Again, there is only 15 feet of volley line to protect, but, in this scenario, your opponent's hitting triangle opens up from the far right corner.  The 15 feet starts at the right sideline.  Both you and your partner should shift two-and-a-half feet over to the right (thirty inches, or one full stride).  You will end up one foot from the center line, with your right foot on the line, or slightly across.

It was these positions that looked so strange in the videos from the Nationals.  Players moved all the way over to the center tee, apparently daring their opponent to hit into the open court, because the return had gone to the far corner.  They lined up, correctly, in the Z-positions above.

To recap:  Don't try to guard the entire volley line.  Line up to protect a fifteen foot stretch.  Your initial ready-position is at Y, but you move to the right or left if the ball is to the right or left of center.

Here is a third example:  Again you are on the left, receiving serve.  This time you try that new fancy slice return you've been practicing, but, you mis-time it, and it lands right at midcourt, and pops up.  Where do you go?

This is much different.  A strong opponent can hit that type of "sitter" with pace to virtually any area from the volley line back.  Forget 15 feet.  You have to guard the entire volley line.  To make matters worse, you will probably have to volley a low shot, which is very hard, and, with the ball at midcourt, you'll have less time to react.

Personally, I would stay deep and try to give myself more room to defend.  Whatever you do, you are in trouble, and rate to lose the point.

This is an important example.  The receiving side has a big advantage in pickleball, provided they return deep.  That advantage shifts on a short return, and the geometry leading to the Fifteen Foot Rule vanishes.  As a matter of personal  strategy, if my opponent returns the serve deep, I usually try to dink the ball, and bring the point back to neutral.  If the return is short, I go for the kill.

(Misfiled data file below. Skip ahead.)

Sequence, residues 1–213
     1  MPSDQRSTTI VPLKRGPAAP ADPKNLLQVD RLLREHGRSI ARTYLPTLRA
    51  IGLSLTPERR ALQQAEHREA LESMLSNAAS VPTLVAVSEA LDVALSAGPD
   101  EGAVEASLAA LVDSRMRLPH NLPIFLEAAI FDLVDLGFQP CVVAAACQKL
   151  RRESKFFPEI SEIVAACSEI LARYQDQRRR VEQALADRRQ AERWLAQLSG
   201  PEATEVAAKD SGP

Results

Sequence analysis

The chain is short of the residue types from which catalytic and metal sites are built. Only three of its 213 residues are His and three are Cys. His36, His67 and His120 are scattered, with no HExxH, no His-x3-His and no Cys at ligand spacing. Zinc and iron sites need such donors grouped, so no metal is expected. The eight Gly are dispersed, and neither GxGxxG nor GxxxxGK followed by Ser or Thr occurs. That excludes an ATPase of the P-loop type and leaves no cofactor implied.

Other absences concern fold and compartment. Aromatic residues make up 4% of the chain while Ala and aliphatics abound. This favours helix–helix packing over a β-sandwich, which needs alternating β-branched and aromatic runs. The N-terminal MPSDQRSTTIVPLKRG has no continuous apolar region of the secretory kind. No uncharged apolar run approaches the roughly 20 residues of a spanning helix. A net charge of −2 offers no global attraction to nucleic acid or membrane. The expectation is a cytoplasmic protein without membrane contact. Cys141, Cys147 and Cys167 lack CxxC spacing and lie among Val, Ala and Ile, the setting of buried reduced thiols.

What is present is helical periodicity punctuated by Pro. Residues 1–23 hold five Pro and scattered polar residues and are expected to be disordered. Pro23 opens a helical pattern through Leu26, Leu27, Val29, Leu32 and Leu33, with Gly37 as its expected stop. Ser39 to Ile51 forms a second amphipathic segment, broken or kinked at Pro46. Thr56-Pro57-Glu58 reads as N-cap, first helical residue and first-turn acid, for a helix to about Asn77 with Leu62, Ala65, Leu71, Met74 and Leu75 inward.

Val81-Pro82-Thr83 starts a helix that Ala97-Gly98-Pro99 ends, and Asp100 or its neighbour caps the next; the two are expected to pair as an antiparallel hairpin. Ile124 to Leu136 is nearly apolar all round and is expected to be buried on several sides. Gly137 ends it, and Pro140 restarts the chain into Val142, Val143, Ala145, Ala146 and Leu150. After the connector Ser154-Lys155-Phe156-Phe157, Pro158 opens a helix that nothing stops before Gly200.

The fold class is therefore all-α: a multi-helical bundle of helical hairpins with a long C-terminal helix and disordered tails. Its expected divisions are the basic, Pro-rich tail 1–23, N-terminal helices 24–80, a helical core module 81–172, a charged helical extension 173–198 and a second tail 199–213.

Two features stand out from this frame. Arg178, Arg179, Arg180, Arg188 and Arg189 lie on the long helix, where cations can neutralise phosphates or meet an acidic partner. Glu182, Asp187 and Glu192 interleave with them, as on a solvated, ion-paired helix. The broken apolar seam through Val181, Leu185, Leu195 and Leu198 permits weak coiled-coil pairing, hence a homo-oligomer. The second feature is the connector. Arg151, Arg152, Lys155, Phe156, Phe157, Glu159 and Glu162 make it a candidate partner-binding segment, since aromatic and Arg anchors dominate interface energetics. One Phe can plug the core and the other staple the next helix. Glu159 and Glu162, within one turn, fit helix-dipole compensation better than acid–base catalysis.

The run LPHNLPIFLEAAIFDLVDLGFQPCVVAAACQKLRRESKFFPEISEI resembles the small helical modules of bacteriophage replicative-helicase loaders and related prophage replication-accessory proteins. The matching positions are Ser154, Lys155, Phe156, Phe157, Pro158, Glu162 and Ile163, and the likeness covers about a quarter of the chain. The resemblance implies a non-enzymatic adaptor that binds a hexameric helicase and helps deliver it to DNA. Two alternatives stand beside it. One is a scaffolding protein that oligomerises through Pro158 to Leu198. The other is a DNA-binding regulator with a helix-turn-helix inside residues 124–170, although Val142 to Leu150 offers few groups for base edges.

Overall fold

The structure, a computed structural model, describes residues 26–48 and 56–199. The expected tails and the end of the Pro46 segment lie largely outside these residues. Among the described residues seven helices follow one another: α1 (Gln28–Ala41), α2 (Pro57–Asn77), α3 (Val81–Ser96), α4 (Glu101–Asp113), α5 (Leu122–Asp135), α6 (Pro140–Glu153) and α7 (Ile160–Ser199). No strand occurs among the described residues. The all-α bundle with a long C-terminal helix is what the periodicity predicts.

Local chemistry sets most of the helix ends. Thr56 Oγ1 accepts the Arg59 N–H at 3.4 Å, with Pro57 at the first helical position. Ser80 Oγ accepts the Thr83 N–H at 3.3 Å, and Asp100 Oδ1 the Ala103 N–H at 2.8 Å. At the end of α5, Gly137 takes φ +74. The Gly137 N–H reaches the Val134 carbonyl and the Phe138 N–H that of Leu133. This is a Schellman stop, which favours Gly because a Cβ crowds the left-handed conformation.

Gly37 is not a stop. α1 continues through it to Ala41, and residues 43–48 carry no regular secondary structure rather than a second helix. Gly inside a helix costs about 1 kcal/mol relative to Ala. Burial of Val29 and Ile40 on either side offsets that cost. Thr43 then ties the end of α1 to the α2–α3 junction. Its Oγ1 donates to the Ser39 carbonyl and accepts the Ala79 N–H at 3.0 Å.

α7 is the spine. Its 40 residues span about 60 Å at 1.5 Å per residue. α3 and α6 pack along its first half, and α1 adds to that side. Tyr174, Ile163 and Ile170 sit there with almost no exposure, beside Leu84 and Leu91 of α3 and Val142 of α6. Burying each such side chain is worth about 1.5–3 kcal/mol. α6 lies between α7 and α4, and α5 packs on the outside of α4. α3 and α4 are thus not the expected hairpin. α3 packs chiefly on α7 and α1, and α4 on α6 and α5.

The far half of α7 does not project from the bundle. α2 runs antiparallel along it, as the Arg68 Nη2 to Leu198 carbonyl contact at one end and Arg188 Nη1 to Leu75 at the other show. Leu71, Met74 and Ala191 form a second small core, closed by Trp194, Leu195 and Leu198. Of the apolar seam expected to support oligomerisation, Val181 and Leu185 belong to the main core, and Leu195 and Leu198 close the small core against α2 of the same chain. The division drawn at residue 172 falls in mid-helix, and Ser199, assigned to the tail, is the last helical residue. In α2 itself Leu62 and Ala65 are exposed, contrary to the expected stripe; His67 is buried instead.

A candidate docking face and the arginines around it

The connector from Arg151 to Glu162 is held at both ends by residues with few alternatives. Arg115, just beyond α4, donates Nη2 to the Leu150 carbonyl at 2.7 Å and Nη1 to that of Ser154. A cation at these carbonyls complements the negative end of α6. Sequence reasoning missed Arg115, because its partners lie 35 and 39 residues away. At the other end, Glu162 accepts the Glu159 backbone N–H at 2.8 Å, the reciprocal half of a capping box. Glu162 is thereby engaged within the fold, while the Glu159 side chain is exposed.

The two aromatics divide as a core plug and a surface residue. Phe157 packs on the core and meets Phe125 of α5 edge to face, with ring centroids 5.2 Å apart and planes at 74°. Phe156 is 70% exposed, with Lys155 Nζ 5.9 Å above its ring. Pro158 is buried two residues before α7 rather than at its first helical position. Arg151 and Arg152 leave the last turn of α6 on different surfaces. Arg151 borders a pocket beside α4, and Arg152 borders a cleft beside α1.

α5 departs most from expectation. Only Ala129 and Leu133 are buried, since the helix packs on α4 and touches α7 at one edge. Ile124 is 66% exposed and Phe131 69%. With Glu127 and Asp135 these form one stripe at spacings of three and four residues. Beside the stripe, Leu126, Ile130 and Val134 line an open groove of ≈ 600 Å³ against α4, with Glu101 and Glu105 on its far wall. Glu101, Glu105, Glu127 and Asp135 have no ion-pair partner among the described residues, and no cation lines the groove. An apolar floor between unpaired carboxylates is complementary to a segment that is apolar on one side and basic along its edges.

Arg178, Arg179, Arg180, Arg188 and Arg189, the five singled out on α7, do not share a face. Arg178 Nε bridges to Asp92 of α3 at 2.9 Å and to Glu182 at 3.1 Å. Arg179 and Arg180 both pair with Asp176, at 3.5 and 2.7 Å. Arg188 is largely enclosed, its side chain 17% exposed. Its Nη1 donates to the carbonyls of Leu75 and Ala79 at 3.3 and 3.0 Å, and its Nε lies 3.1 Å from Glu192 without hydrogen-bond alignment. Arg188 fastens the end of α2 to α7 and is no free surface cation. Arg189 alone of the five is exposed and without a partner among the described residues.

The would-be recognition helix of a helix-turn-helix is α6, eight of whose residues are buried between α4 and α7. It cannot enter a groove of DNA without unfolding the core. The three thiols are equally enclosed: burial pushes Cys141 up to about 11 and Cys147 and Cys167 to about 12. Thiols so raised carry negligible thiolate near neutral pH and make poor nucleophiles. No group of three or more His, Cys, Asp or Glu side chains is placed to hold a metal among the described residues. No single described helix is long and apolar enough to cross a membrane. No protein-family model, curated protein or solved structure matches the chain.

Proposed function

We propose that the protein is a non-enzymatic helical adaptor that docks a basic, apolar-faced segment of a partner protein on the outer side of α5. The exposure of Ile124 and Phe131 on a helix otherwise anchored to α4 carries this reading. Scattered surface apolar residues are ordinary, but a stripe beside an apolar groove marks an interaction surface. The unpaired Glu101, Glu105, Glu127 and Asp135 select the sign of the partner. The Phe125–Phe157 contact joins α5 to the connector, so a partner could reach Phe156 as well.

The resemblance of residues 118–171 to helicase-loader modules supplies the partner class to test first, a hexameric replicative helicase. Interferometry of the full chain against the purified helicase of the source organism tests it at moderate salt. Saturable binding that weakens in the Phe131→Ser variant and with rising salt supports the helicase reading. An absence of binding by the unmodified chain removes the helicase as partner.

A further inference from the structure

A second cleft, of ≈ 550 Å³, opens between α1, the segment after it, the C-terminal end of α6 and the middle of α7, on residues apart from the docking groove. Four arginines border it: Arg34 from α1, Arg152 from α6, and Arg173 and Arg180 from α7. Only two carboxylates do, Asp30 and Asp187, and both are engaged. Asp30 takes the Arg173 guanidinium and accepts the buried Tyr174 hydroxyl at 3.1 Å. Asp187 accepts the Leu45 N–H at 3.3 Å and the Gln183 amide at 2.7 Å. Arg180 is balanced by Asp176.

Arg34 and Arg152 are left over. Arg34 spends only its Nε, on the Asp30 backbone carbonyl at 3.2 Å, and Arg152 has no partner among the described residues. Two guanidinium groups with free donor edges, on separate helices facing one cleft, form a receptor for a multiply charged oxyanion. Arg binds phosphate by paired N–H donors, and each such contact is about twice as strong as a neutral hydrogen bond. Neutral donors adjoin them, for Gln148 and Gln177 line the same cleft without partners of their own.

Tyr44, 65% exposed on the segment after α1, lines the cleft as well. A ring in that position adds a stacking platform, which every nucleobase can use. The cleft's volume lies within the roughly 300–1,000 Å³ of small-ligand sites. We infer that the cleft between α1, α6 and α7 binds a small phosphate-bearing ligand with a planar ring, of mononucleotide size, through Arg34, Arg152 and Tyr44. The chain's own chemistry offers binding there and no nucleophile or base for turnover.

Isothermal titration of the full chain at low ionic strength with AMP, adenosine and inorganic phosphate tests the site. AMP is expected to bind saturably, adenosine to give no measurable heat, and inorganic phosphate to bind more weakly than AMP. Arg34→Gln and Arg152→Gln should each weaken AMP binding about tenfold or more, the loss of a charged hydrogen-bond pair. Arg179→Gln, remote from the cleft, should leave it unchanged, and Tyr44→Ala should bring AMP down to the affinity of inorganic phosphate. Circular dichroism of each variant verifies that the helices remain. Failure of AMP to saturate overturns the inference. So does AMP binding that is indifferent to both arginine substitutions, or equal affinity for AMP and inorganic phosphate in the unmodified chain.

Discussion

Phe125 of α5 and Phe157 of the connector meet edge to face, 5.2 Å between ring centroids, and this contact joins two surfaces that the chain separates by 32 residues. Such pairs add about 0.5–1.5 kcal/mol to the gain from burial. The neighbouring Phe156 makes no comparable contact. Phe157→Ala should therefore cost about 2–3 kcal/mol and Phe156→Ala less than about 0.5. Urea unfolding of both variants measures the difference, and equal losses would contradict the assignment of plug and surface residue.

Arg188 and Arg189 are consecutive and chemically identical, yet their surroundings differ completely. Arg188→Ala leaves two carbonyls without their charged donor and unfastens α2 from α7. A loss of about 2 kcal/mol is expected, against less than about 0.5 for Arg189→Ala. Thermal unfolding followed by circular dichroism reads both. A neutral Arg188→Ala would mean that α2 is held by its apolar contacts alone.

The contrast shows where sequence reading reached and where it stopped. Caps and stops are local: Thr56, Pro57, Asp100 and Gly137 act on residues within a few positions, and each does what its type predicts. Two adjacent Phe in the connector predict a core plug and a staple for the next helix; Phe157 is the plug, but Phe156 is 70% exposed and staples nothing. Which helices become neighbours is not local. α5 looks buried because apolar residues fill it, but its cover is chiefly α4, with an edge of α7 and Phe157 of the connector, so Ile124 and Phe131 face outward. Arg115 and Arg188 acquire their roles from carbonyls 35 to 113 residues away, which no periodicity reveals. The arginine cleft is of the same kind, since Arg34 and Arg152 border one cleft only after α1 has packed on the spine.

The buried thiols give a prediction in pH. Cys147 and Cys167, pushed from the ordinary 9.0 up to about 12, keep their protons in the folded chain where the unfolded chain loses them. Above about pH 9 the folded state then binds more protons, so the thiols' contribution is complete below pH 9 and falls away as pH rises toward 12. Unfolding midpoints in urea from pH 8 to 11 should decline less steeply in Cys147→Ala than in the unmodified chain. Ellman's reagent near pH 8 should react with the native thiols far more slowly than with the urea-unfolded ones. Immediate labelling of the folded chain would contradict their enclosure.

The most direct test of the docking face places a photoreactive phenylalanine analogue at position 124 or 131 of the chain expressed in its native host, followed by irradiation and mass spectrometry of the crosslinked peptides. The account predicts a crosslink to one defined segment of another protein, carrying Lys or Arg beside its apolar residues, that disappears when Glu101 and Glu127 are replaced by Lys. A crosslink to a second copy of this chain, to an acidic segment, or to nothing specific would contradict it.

The Fifteen Foot Rule in the Dinking Game

The Fifteen Foot Rule seems to apply on any deep ball, but disappear on a short ball.  It must follow, then, that the Rule doesn't apply once we transition to a dinking contest.  After all, an opponent can dink the ball virtually anywhere across the kitchen.  You and partner must guard all twenty feet.  True, yet, oddly enough, the Rule still applies.

Let's analyze.  Suppose your side has dinked the ball very near the center line, and your opponent is about to dink back, as in this diagram:

A dink back to the center will drop quickly, and you had better be in range.  As you can see from Figure 5, that dink will only travel a few feet, leaving little time to react.  A dink to the sideline, however, travels three or four times as far, giving you plenty of time to move to such a shot and play it back.  So, you want to line up closer to the ball.  Our usual Y-ready positions are excellent ready positions for dinking.

More importantly, many dinking bouts end when a dink gets too high, and someone punches it back hard.  A hard volley like that, hit at a very sharp angle, will go out.  You have to guard all twenty feet of the kitchen for dinks, but much less for hard volleys.

Even in a dinking game, the usual principles apply, and we should position ourselves for the hard shot.  

So, pinch in closer to partner that you used to.  Line up at the Y-ready position after returning serve.  If you start dinking, keep to that position, and follow the ball.  If the dink lands near their far sideline, slide over to the center line, position Z, and trust partner to slide over to cover that sideline.  Likewise, if the dink is near your sideline, move over to cover a sharp tap down the line.  Leave the center to partner.